One of my fears – and I know some of you can relate – is heights. This past weekend, a few of my friends and I visited Brooklyn Boulders in Somerville for indoor rock-climbing. It was definitely one of the “hippest” indoor rock-climbing spot in the Boston area. I felt as if I had stepped into a street-style art gallery in New York City and it was pretty badass, haha!
From a 140-foot long, 22-foot tall bouldering wall to a 50-foot tall rock climbing wall that extends onto the ceiling, it offers unlimited levels. If you’re not familiar with the vocabulary, I got you covered. Bouldering is basically rock climbing without ropes and harnesses, and just use climbing shoes and a bag of chalk over safety mats. Tall rock climbing walls requires a belayer, ropes, harnesses, and climbing shoes. Belaying is a technique to catch a climber’s fall by providing tension on the rope, and lowering a climber back down to the ground safely. What’s really awesome about Brooklyn Boulders is that they offer auto-belay so you can climb without a belayer! I was really impressed when I saw a work/study space on the second floor! Did I mention free Wi-Fi? Haha. There’s also indoor bike parking spaces, innovative cardio equipment room, and a YOGA room! Omg, and I love their organic lavender soap (typical me, haha).
If you have never tried indoor rock-climbing, YOU HAVE TO GO! It is absolutely an amazing experience. Almost anyone can rock climb and you don’t even have to be super fit. The more you climb, the stronger and fitter you will become. Rock climbing uses lots of muscle groups, both in the upper and lower body- the back, abdominal area, legs, shoulders, arms, and fingers! “A one hour climb session can burn well over 700 calories.” In addition to building muscles and cardio, it requires patience and problem solving skills because each climbing route is a puzzle which requires patience, planning, and examination to complete. Climbing has also been shown to reduce stress by increasing levels of norepinephrine, a chemical that helps balance our brain’s response to stress. If it’s your first time, maybe an increase of adrenaline but hey, practice and slowly overcome your fear!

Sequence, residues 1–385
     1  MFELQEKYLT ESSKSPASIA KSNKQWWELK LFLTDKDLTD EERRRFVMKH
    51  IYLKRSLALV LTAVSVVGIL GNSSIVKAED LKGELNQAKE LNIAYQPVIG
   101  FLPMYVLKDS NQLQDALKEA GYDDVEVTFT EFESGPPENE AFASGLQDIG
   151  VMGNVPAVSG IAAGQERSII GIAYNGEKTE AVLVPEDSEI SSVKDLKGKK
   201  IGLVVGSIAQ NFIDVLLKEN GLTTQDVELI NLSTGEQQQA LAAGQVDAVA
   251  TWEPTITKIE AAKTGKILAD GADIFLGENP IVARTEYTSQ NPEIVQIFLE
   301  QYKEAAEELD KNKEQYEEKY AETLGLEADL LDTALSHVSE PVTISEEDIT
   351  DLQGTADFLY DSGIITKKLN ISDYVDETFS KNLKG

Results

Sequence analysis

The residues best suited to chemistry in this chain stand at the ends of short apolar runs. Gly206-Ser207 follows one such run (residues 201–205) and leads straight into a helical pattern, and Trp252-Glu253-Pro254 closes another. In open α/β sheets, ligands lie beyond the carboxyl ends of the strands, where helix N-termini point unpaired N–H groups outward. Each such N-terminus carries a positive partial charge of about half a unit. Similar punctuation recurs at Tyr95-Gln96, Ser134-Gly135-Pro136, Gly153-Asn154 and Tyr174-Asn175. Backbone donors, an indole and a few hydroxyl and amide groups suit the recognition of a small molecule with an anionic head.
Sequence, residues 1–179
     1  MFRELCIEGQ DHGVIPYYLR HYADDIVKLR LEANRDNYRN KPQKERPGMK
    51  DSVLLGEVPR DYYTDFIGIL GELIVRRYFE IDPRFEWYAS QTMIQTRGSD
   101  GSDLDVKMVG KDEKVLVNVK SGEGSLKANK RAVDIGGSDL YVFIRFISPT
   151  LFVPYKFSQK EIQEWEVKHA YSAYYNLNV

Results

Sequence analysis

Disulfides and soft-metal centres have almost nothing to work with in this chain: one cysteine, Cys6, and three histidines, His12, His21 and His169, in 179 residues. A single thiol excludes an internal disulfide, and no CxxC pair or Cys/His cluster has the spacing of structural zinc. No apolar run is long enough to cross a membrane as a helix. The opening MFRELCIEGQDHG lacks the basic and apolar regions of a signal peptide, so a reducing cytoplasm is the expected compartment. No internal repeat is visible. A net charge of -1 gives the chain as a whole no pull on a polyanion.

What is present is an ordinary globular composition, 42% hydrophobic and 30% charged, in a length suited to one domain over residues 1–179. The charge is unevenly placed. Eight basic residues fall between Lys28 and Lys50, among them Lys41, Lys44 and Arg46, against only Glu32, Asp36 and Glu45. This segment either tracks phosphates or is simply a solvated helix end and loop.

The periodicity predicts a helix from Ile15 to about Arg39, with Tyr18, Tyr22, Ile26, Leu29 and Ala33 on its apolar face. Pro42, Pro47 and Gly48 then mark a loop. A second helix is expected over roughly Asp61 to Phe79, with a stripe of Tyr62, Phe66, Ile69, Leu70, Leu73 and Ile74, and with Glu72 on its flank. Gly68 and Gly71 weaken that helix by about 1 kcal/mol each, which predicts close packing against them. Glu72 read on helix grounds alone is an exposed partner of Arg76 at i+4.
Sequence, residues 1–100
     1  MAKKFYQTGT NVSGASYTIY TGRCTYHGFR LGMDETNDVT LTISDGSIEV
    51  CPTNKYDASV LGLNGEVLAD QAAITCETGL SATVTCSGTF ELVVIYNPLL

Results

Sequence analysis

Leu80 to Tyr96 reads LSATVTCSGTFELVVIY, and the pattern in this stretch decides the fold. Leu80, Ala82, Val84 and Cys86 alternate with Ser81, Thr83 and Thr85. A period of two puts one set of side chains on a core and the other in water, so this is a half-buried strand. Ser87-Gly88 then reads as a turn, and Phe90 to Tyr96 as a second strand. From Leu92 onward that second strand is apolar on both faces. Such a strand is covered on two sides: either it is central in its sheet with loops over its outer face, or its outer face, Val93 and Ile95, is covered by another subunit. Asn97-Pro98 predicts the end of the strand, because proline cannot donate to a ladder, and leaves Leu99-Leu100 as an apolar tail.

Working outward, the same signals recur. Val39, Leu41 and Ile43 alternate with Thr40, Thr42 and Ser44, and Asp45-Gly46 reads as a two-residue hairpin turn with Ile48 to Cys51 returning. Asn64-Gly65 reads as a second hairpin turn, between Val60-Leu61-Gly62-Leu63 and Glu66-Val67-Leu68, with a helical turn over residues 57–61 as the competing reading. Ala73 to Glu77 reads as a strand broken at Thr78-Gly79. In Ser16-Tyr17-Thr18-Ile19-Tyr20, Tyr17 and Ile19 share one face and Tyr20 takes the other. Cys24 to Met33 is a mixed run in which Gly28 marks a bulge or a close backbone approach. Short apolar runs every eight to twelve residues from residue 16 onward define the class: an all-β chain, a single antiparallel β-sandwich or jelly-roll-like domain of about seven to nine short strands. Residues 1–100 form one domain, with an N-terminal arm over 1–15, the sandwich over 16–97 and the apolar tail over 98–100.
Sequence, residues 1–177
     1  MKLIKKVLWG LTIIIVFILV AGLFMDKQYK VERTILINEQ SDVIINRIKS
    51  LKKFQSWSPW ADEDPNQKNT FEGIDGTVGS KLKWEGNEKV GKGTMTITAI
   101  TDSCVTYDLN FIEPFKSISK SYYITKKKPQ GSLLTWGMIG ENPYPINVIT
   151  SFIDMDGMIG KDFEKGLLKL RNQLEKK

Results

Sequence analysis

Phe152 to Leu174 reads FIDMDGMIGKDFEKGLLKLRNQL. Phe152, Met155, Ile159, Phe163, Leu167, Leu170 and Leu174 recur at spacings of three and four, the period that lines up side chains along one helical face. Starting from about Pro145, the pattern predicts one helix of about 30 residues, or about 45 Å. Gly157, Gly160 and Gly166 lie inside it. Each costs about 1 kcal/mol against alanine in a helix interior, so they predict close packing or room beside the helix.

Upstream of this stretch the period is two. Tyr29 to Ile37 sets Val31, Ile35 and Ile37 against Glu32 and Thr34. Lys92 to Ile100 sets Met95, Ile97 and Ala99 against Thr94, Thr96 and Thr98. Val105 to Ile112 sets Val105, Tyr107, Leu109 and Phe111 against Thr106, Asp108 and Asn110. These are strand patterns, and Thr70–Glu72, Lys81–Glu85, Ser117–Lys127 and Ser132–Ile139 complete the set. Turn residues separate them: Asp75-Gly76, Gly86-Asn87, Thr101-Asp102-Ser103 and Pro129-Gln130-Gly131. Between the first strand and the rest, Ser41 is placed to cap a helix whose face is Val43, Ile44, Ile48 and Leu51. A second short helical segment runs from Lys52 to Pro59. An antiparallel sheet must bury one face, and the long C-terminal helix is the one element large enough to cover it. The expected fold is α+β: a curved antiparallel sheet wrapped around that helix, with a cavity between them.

And you know what the best part about my experience is? Encouragements from my friends…when I panicked and didn’t have the guts to climb any higher. Rather than telling me to give up or come down, they say words like, “You can do it Eva! Put your right leg on that rock! Push yourself up! You’re almost there!” In the moment, my mouth is shouting, “omg, omg I can’t do this. I’m going to die!” but my mind and body is telling me to keep going because my friends believed in me. So I kept going and reached to the top! They also encouraged me to climb tougher levels! When I slipped, they didn’t laugh at me or discouraged me but rather encouraged me to go again. This is one of the reasons why I love sports and outdoor activities (even though I may not be good at it), because of the support we give one another. I definitely don’t express it enough, but I’m really grateful to have met them. <3
I think from a mental standpoint, climbing is an amazing experience for implanting focus, balance, and willpower to tackle real world life obstacles. As you’re climbing to the top in life, remember to slow down and appreciate the experiences. Even if you fall or fail along the way, it’s okay…climb again.
Never Stop Moving! Xoxo
P.S. I am 100% sure that there is always a discounted price on groupon, rush49 (what I used), or social living deals!!! Google it!